Criticism of Indian Christians Raises New Concerns about Violence

July 7, 2008 - 8:09 PM

New Delhi (CNSNews.com) - A potentially explosive row is simmering here, after Indian Prime Minister Atal Behari Vajpayee criticized the activities of Christian missionaries in India.

Political parties and Christian missionaries have expressed concern over Vajpayee's weekend statement accusing some Christian missionaries of trying to force people to convert to their faith.

The All India Christian Council called the remark unfortunate, saying it would aggravate violence against minorities.

"Remarks such as these are seen as condoning the hate campaign and the canards, lies and half-truths that are being spread in many parts of the country. They encourage communal and extremist elements," the Council said in a statement.

The remarks also raised concerns in the political establishment, with the main opposition Congress Party accusing Vajpayee of "casting aspersions at the Christian community."

"The remarks have the potential of creating a sense of insecurity among the minority community," said Congress spokesman Priya Ranjan Dasmunshi.

Vajpayee made his comment at a function of a fundamentalist Hindu organization, the Rashtriya Swayamsewak Sangh (RSS), in which he served as a volunteer for many years.

While some Christian missionaries were engaged in good work, he said, others were converting Hindus.

Vajpayee's Bharatiya Janata Party (BJP) enjoys mass support of Hindu voters, primarily marshaled by the RSS. In recent times, the government has been under fire from the RSS for its reformist economic policies.

Observers saw the prime minister's as an attempt to reassure the RSS that the ruling party was not deviating from pro-Hindu policies.

The RSS welcomed Vajpayee's statement as an endorsement of its view that forcible Christian conversations were being carried out.

Hindu fundamentalists maintain that Christians are involved in "forced conversions" of poor Hindus, even though there are no independent figures to substantiate the claim. They charge that more than 200,000 of the 22.5 million Christians are converts from Hindu.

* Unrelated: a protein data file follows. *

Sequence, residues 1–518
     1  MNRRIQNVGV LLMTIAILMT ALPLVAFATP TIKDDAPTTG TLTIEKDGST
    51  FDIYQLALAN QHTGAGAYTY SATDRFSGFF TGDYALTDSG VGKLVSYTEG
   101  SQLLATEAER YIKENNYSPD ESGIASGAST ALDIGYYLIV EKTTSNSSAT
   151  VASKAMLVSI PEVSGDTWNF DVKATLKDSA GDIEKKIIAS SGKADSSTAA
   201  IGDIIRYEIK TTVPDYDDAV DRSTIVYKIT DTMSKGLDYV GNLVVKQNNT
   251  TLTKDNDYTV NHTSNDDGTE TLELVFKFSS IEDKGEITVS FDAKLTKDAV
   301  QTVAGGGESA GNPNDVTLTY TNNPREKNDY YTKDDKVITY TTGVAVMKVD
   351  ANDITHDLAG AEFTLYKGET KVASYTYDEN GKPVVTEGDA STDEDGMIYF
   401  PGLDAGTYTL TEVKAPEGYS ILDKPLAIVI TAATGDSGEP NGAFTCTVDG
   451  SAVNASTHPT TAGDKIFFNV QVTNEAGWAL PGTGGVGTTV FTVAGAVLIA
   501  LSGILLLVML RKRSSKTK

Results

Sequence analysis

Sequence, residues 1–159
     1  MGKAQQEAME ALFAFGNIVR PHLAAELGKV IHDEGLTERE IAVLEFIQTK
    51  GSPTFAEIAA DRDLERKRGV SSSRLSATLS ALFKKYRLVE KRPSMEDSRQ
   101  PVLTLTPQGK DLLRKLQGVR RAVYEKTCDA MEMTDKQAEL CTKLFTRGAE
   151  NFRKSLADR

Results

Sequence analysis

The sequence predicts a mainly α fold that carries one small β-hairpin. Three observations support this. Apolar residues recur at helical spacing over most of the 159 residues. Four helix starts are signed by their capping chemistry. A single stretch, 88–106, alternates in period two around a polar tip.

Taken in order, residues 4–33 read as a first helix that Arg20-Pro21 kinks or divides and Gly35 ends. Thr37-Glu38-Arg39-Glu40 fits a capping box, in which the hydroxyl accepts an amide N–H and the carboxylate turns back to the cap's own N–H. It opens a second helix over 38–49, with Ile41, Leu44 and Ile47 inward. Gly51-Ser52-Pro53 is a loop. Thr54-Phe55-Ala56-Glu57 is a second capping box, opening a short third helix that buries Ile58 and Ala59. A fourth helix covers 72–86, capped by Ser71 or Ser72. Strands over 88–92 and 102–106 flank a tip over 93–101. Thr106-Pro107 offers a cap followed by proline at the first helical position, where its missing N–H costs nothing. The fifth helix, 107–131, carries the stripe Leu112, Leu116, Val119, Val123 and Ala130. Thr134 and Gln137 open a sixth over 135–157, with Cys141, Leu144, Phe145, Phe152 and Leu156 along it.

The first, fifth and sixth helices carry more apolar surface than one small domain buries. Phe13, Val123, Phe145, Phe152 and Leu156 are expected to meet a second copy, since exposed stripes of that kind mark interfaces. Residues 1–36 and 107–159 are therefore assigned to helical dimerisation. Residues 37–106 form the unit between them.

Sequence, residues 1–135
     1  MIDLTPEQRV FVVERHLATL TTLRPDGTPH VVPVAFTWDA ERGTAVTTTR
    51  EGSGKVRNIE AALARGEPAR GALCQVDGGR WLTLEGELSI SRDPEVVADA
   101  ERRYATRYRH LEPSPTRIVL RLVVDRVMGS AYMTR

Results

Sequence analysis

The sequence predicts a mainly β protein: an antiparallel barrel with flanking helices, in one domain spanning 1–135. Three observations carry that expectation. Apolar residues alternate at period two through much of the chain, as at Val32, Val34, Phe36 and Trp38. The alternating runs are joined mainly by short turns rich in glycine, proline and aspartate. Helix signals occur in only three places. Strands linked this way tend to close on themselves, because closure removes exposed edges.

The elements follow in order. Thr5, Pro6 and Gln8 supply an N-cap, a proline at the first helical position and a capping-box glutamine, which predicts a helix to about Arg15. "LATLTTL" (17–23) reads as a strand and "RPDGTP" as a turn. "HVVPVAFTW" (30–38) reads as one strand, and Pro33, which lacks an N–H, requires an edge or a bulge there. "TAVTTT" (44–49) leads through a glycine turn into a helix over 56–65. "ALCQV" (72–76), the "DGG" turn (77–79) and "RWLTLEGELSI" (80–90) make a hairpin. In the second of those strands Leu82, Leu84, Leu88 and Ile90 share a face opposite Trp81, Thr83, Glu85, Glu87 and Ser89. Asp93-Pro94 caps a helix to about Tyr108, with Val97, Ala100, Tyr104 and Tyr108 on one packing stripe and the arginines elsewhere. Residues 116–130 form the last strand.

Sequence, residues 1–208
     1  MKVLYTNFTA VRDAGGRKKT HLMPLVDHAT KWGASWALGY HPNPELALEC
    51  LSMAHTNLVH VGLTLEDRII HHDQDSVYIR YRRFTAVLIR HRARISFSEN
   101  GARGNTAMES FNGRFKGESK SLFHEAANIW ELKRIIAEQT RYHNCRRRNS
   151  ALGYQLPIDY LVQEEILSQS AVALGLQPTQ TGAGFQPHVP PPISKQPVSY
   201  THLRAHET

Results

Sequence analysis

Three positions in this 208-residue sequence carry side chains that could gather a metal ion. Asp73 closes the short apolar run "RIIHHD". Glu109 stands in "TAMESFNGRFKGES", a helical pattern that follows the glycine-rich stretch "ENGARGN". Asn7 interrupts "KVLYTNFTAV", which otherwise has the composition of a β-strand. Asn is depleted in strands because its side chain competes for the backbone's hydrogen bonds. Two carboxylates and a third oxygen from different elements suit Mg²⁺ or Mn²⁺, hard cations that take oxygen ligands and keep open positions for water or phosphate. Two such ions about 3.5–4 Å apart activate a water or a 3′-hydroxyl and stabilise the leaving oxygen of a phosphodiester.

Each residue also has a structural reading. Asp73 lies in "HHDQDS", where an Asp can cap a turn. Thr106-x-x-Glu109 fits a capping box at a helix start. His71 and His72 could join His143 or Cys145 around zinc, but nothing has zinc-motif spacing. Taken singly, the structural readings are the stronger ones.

Many missionaries run schools, dispensaries and old age homes in poor areas of India. Hindu organizations like the RSS and the World Hindu Council accuse some missionaries of luring poor Hindus into Christianity by offering them money, food, jobs and other incentives.

Christians fear the sentiment may result in more violence against their community. Among other incidents in recent years, an Australian missionary and his two sons, aged 7 and 10, were burnt to death five years ago while they slept in their vehicle in the eastern province of Orissa.

Their killers doused the vehicle with petrol, lit it and then prevented a handful of locals from trying to rescue the trapped trio.

Until his death, Graham Staines had been working with leprosy patients for 32 years.

Right to religion is a fundamental right under the Indian constitution, which confers upon every citizen the right to practice his or her own religion.

However, the issue of conversion has been a topic of lengthy public debate in India with some quarters suggesting that it should be constitutionally banned.

RSS spokesman in New Delhi, M.G. Vaidya, said while the organization backed Vajpayee's statement, they did not believe it had been intended to cover all missionaries.

"It is wrong to say that the prime minister has tarred every missionary with the same brush. There are some missionaries who are doing sincere work, and they need not worry about the impact of his statement," Vaidya said.